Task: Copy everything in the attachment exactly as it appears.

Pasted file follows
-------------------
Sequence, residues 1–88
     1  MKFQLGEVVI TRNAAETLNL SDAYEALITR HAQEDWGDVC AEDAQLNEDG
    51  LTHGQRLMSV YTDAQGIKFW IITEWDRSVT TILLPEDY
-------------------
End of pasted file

Sequence, residues 1–88
     1  MKFQLGEVVI TRNAAETLNL SDAYEALITR HAQEDWGDVC AEDAQLNEDG
    51  LTHGQRLMSV YTDAQGIKFW IITEWDRSVT TILLPEDY